• Spriting controls the background-image position of characters and objects in the animation.
  • Looping any animation that is to be repeated for x number of milliseconds or seconds.

Movement

Movement covers roughly 75% of all of the animations in the demo. For example, this includes character movement (i.e. Mario running and jumping), power-ups appearing and question boxes being hit. What makes each movement animation differ is the animation-timing-function, the animation-duration and the animation-delay properties.

The animation-timing-function property helps control the speed of the animation over its duration. Wherever possible I used easing, such as ease-in or ease-in-out to save having to be too precise when defining animation keyframes. Where this didn’t create the effect I needed, I resorted to setting the animation-timing-function to linear and using the keyframes to specify the exact movement I required.

An example a movement animation can be seen by this jump sequence.

Spriting

To control the image background-position of the characters and objects in the animation, I used the step-end timing-function:

.mario {
    animation-timing-function: step-end;
    ...
}

Initially, I thought I may need to use JavaScript to control the image spriting by adding and removing classes to my elements. However, after experimenting with how the step-end timing keyword was implemented, I found it perfectly stepped through the keyframes I had defined, one keyframe at a time.

To show this in action, take a look at the following examples, which show a simple Mario walking animation and Mario transforming after grabbing a power-up.

Using step-end in this way wasn’t completely pain free however. To my frustration, when these sprite animations were stacked up over multiple media queries, I found that there was a glitch in WebKit that caused the animation to render differently to the keyframes I had defined. Admittedly, the use of CSS animations in this way is an edge case for browser rendering, but I have filed it as a bug in Chromium, and am hopeful this will be looked at in the future and ironed out.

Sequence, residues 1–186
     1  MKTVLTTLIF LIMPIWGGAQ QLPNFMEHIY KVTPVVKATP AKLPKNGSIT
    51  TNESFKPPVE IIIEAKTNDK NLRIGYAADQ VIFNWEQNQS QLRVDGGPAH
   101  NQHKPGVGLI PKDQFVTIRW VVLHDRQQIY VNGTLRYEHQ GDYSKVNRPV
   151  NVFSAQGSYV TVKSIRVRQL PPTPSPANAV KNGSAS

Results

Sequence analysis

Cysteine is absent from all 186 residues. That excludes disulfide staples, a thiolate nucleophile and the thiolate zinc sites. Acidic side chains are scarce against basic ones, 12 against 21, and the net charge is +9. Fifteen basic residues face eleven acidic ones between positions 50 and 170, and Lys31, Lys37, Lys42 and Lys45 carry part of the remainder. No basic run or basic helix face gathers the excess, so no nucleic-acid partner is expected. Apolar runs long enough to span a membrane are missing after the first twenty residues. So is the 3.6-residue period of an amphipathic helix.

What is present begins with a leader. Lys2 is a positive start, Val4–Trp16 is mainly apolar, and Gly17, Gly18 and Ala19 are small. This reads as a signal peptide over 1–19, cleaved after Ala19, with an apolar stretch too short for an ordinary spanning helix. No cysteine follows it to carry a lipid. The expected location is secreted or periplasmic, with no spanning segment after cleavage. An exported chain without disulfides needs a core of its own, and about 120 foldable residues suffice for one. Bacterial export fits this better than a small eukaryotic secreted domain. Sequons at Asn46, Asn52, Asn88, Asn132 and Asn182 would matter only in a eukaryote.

LOOPING

Whenever an animation needed to be repeated over a period of time, looping was defined by adjusting the animation-iteration-count:

//the animation repeats 5 times
animation-iteration-count: 5;
 
//the animation repeats infinitely
animation-iteration-count: infinite;

An example of this from the demo would be the rotation of the fireball].

Through these 3 types of animation, the whole demo was constructed. The final layer was to add in the audio.

Adding Audio

Although I had previously downloaded all of the sound files I needed in .wav format, I had to convert them into a format that was usable with HTML5 audio; .ogg and .mp3. I used Switch Audio Convertor (on Mac) to do this, but any good audio conversion software should do the job.

Once I had the converted files, I needed to detect which file type to serve to the browser. This required a couple of lines of JavaScript to detect support:

var audio = new Audio(); //define generic audio object for testing
var canPlayOgg = !!audio.canPlayType && audio.canPlayType('audio/ogg; codecs="vorbis"') !== "";
var canPlayMP3 = !!audio.canPlayType && audio.canPlayType('audio/mp3') !== "";

I then created a function to set some default audio parameters for each sound, as well as setting the source file based on the format previously detected to be supported by the browser:

//generic function to create all new audio elements, with preload
function createAudio (audioFile, loopSet) {
    var tempAudio = new Audio();
    var audioExt;
 
    //based on the previous detection set our supported format extension
    if (canPlayMP3) {
        audioExt = '.mp3';
    } else if (canPlayOgg) {
        audioExt = '.ogg';
    }
 
    tempAudio.setAttribute('src', audioFile + audioExt); //set the source file
    tempAudio.preload = 'auto'; //preload the sound file so it is ready to play
 
    //set whether the sound file would loop or not
    //looping was used for the animations background music
    tempAudio.loop = (loopSet === true ? true : false);
 
    return tempAudio;
}
var audioMarioJump = createAudio("soundboard/smb3_jump"); //an example call to the above function